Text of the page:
Andrew Jarecki Reflects On 'Capturing the Friedmans' and Why It Needs a Sequel
"Capturing The Friedmans"
In 2003, Andrew Jarecki's "Capturing the Friedmans"
quickly became a landmark achievement in the history of non-fiction film, snatching up a Grand Jury prize at the Sundance Film Festival, generating massive buzz and heated controversy in the wake of its release, and eventually landing an Oscar nomination. The filmmaker's dark investigation into the pedophilia charges against the late Great Neck resident Arnold Friedman and his teenage son Jesse, partially told through the family's uncomfortably intimate home movies from the '80s, capturing the dissolution of an American family in extraordinary detail. It also hinted at the possibility of injustices surrounding some of the charges leveled against the family. Most critics loved it; nobody was sure how to feel about its troubled subjects.
Nearly a decade later, "Capturing the Friedmans" is now available online, free for the month of April, via Indiewire parent company SnagFilms. On the phone with Indiewire last week, Jarecki spoke about the impact the movie had on the Friedman family, why the story probably needs a sequel, and his similarly controversial next project. "Capturing the Friedmans" is embedded at the conclusion of the interview.
When was the last time you watched the film?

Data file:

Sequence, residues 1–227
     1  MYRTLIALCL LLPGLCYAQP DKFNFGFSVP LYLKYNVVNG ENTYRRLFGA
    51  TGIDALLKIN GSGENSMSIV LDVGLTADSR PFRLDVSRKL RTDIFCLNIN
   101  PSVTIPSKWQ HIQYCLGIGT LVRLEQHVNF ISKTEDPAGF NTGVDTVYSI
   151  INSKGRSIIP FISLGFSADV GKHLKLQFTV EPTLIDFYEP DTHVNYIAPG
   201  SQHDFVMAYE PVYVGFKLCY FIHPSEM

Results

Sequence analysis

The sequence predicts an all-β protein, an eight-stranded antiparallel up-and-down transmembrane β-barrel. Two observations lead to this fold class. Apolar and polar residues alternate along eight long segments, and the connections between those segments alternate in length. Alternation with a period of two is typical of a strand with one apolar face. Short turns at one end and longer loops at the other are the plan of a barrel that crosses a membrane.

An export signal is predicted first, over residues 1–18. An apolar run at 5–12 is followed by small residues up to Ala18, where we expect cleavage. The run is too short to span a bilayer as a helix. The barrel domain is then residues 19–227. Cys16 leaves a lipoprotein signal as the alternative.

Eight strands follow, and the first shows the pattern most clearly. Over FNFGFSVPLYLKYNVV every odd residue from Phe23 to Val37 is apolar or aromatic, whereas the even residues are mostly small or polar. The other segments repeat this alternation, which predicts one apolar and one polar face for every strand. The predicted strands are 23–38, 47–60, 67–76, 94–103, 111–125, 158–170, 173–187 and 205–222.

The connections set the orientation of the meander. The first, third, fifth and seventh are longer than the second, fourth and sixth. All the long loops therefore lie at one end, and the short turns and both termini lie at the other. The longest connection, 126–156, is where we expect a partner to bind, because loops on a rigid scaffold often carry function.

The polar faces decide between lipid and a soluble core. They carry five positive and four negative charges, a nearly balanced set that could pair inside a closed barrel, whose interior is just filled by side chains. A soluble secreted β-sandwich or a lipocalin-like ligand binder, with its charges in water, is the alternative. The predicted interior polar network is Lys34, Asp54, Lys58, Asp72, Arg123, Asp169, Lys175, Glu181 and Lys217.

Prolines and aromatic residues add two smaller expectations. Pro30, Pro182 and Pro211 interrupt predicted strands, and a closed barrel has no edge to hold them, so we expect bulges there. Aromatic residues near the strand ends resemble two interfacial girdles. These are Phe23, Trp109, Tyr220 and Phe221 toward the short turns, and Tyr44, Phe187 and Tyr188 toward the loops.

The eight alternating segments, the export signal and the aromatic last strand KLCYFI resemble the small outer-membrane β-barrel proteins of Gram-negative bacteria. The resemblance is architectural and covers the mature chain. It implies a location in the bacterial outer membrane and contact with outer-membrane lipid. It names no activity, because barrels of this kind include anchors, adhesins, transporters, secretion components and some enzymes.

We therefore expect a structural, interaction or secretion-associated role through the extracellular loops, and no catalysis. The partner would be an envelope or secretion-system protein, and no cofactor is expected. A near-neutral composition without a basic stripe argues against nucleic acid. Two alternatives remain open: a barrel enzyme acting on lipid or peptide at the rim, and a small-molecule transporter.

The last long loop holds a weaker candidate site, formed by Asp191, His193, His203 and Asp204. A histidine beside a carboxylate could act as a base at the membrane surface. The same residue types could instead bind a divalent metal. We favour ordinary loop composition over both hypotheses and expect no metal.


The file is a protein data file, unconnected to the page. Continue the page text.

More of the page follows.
I recently showed it to my son, who's about 14, and it was pretty fascinating to see it about 10 years after it came out. I think he had just been curious. It's the kind of movie you show your kid at some point, but not when they're only old enough to watch their first movie.
Do you think it has aged well? Did anything surprise you about it?
There's a feeling, when you're watching the film and haven't for a while, that there are things that have magically developed over time, ways that the film interacts with your own philosophy, beliefs that you hold that you suddenly see espoused in the film. It's interesting me how much that film influenced other things I've done since then. I've always been interested in this idea of looking at these monster stories and trying to really understand the mechanics underneath. That's very much true of this movie I made "All Good Things" as well as "Catfish," which I produced. You look at something people find objectionable and if you really take a long look at it, you realize how different things may be from how they initially appeared.
When specifically are you talking about when you say you see your own philosophies reflected in the film?
I think with respect to the Friedman family, when we went into the film we didn't know that we were making a movie about this legal case. We just went into hoping to make a film about professional children's birthday entertainers. When I started understanding an incredible secret story behind the Friedmans, it became more and more clear that there was this hall of mirrors lying behind that initial impression. As we got deeper and deeper into it, we started to see how the story had been altered over time.
And you wanted to clear things up.
I think we went into it with a lot of compassion for the Friedman family. We didn't know exactly what had happened, but we knew that the way the community reacted to the charges against them was so vicious and one-sided that it would be required for us to try and understand them as people, not one-dimensional evildoers. As we started to get into it, it was clear that there was a true question as to whether these crimes had even taken place.